Published as part of our sister-site GamesIndustry.biz' widely-read weekly newsletter, the GamesIndustry.biz Editorial offers analysis of one of the issues weighing on the minds of the people at the top of the games business. It appears on Eurogamer after it goes out to GamesIndustry.biz newsletter subscribers.
What was the biggest massively multiplayer online game of 2007 - and, indeed, of 2008 so far? Ignoring the obvious answer - "World of Warcraft, again" - I'd argue for a rather unusual answer to this question. Not Lord of the Rings Online, not Tabula Rasa. No, to my mind, the biggest massively multiplayer online game of 2007 was Call of Duty 4: Modern Warfare.
Of course, in the strictest possible sense, CoD4 isn't an MMO. Each individual game instance holds only a few dozen players, after all - although if you really wanted to turn this into a pub argument, you could introduce the fact that World of Warcraft also restricts your party size to an absolute maximum of 25 players in its instanced dungeons.
Rather than miring ourselves in that impossible debate, though, consider the ways in which Call of Duty 4 does resemble a massively multiplayer game. Each player character is persistent, levelling up through the ranks by gaining experience - earned either by killing enemies, or by completing in-game tasks. As you level up, you unlock the ability to use new or upgraded weapons, and learn new abilities, and thanks to the persistent nature of your character, those abilities stay with you throughout future encounters.
In many ways, the system I've just described is a more important part of the MMO concept than the whole "massively" element itself. COD4 may lack the ability to see large crowds milling around waiting to go into instanced combat zones (although you'll see hundreds of names in lobbies in the course of an evening's play), but the levelling up, unlocking of new gear and learning of new abilities are all lifted directly from the MMO playbook.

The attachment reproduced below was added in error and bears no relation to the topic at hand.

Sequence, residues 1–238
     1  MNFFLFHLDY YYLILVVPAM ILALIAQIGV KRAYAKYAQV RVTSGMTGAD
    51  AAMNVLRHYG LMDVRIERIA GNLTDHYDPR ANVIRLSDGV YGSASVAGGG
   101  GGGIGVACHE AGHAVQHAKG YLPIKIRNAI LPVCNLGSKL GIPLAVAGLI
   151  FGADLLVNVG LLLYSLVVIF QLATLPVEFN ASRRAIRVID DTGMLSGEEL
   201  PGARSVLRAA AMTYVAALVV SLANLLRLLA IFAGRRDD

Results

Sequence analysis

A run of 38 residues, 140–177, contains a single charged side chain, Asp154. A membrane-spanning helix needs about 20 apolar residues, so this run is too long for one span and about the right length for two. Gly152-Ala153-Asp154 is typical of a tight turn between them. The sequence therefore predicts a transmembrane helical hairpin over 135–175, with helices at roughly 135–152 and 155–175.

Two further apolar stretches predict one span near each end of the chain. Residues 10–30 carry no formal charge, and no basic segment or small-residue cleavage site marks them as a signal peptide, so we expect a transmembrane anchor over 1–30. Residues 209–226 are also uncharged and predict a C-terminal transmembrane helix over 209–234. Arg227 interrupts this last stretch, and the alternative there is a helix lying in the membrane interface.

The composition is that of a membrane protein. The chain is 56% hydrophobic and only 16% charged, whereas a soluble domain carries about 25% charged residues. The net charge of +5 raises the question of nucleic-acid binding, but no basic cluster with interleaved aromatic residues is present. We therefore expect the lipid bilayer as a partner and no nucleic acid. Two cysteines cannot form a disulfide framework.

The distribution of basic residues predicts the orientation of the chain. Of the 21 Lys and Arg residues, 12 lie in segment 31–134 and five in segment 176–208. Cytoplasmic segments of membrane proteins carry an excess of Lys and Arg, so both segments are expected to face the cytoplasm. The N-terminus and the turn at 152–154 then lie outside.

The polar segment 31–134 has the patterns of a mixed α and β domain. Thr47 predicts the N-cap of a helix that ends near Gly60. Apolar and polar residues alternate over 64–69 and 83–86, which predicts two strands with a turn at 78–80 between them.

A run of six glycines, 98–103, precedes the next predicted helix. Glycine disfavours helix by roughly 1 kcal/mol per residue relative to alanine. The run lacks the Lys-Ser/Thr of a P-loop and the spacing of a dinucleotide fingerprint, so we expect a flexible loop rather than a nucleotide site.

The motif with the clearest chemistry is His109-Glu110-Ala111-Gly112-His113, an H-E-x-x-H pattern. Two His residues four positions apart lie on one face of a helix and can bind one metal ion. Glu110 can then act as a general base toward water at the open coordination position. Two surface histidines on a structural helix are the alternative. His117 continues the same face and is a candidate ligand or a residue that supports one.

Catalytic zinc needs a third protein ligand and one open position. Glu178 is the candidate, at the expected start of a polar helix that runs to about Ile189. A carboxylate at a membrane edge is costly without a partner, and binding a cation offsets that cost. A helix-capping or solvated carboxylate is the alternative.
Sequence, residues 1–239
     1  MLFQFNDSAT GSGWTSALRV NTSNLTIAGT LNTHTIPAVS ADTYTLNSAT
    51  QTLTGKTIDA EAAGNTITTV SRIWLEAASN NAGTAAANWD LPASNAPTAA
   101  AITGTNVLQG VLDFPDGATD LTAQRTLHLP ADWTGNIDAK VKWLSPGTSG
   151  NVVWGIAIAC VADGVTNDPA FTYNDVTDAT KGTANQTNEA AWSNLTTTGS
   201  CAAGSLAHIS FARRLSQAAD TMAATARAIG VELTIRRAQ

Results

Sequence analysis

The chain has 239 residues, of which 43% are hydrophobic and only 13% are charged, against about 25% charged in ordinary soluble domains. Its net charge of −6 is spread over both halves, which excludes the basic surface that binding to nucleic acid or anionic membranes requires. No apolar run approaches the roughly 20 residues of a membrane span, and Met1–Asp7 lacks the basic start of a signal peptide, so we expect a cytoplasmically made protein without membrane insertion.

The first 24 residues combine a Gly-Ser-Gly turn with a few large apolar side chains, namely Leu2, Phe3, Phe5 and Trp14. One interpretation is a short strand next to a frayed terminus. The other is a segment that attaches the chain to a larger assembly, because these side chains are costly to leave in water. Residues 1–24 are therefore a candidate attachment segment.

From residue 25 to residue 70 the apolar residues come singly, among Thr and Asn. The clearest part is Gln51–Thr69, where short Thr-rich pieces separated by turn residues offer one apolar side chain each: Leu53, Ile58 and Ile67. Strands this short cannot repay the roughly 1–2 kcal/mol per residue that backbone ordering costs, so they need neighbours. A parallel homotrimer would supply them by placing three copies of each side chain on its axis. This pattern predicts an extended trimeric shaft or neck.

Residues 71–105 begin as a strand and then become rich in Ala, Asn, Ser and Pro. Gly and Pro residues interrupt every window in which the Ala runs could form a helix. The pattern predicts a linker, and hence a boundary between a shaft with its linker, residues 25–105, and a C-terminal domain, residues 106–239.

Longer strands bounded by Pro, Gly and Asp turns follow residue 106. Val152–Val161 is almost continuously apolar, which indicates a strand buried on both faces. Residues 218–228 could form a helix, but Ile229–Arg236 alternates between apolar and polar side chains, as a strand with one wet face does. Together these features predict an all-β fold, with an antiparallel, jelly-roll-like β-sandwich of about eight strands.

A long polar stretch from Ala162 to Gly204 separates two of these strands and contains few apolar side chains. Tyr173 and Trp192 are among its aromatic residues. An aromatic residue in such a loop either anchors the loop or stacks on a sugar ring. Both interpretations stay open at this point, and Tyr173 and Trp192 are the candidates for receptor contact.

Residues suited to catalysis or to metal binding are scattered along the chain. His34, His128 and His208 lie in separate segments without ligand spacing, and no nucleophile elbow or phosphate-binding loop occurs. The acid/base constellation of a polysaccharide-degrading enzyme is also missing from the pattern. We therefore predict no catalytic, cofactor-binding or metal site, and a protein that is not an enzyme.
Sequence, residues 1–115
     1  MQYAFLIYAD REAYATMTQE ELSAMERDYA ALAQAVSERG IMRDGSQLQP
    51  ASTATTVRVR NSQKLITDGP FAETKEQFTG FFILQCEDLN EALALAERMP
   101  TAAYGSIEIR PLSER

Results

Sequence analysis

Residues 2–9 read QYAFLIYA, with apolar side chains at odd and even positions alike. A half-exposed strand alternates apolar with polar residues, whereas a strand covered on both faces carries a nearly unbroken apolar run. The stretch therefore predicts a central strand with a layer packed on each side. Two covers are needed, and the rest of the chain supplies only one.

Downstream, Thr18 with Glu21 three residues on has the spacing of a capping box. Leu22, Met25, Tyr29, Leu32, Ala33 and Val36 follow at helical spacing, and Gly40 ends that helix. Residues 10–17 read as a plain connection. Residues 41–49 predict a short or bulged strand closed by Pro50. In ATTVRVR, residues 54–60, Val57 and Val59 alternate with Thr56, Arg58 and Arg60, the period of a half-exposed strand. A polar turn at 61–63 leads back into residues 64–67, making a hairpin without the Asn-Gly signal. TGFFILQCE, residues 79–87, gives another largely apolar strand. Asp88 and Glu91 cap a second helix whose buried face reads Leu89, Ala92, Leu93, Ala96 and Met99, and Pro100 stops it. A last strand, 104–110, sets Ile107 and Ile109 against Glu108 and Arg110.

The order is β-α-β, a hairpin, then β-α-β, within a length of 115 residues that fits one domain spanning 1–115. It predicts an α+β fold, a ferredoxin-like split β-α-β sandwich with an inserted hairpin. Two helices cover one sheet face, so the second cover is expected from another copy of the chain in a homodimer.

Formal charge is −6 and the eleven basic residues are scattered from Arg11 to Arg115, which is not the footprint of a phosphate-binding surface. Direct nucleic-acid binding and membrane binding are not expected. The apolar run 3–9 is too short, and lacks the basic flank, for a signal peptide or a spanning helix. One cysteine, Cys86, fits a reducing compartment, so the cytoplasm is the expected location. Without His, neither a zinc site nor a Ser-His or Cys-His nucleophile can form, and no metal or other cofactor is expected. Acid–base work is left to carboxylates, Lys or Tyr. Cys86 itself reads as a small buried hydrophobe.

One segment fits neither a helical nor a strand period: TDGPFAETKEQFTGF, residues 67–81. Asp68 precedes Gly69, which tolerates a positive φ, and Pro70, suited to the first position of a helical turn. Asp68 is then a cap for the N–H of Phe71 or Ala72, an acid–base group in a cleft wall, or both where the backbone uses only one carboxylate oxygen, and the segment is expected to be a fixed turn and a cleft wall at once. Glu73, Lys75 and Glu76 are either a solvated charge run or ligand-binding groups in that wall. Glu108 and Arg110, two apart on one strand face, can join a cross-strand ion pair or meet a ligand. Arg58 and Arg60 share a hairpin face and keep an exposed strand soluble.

Given that COD4 is far and away the most successful online console game of the current generation thus far, it's obvious that there are lessons to be learned from Infinity Ward's approach. With regard to the surprisingly MMO-like progression system, I'd say that there are two key areas which publishers and developers need to pay attention to.
Firstly, from the point of view of a significant part of the industry - those working on console or PC games with single-player and multiplayer modes - the lesson is simple. MMOs have dominated headlines in the games industry's news feeds in recent years not just because World of Warcraft has been a huge success, but because they're onto something big. The sector may be shockingly expensive, risky as hell and littered with the corpses of high-profile failures, but the player numbers overall keep growing and the rewards of success are immense. They're doing something right.
Call of Duty 4 proves that it's possible to take some of the things that MMOs do right and distil them for a game that wouldn't traditionally be seen as an MMO. The potency of the idea, even in this form, is obvious; the drive to play just a little bit more, because there's a reward waiting just up ahead, is an incredibly powerful and addictive force for players.
What other ideas could work, carried across wholesale from the MMO model and turning existing game genres into MMO-lite contenders? Persistency and progression is an obvious, powerful and surprisingly under-utilised one - but in the hands of a gifted development team, couldn't the same transition be made by concepts like player economies, large-scale Player vs Enemy encounters, virtual world interactions and a host of other concepts that MMOs, to some extent, really get right?